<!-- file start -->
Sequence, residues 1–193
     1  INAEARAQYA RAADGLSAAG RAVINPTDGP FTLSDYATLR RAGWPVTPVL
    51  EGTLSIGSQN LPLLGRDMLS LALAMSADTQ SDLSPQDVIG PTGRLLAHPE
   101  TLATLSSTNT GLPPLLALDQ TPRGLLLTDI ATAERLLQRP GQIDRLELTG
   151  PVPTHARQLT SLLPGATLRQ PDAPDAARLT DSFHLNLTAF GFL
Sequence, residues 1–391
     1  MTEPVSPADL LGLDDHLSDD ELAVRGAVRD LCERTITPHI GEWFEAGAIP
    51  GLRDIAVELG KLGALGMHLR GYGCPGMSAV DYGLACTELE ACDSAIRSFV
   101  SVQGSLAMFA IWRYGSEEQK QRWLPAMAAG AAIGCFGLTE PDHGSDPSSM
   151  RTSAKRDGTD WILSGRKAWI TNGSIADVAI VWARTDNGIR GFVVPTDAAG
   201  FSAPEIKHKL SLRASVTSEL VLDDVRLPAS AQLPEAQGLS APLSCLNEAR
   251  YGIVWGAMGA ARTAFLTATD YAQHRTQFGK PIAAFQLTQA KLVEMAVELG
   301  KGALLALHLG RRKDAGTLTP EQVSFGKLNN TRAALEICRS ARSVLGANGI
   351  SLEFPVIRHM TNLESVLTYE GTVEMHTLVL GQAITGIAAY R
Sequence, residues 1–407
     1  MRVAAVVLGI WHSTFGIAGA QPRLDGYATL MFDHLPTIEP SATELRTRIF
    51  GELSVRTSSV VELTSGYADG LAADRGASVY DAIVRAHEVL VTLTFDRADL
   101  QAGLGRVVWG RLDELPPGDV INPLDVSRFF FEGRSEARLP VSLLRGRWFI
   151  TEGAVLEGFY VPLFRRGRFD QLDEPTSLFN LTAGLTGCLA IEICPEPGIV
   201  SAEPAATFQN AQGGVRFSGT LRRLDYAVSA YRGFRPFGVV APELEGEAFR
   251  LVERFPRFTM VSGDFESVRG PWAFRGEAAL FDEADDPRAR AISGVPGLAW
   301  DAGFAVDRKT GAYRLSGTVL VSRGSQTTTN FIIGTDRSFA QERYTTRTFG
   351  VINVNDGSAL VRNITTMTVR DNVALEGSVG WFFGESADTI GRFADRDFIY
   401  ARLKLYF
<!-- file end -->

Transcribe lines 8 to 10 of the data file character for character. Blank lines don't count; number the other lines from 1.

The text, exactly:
    51  GLRDIAVELG KLGALGMHLR GYGCPGMSAV DYGLACTELE ACDSAIRSFV
   101  SVQGSLAMFA IWRYGSEEQK QRWLPAMAAG AAIGCFGLTE PDHGSDPSSM
   151  RTSAKRDGTD WILSGRKAWI TNGSIADVAI VWARTDNGIR GFVVPTDAAG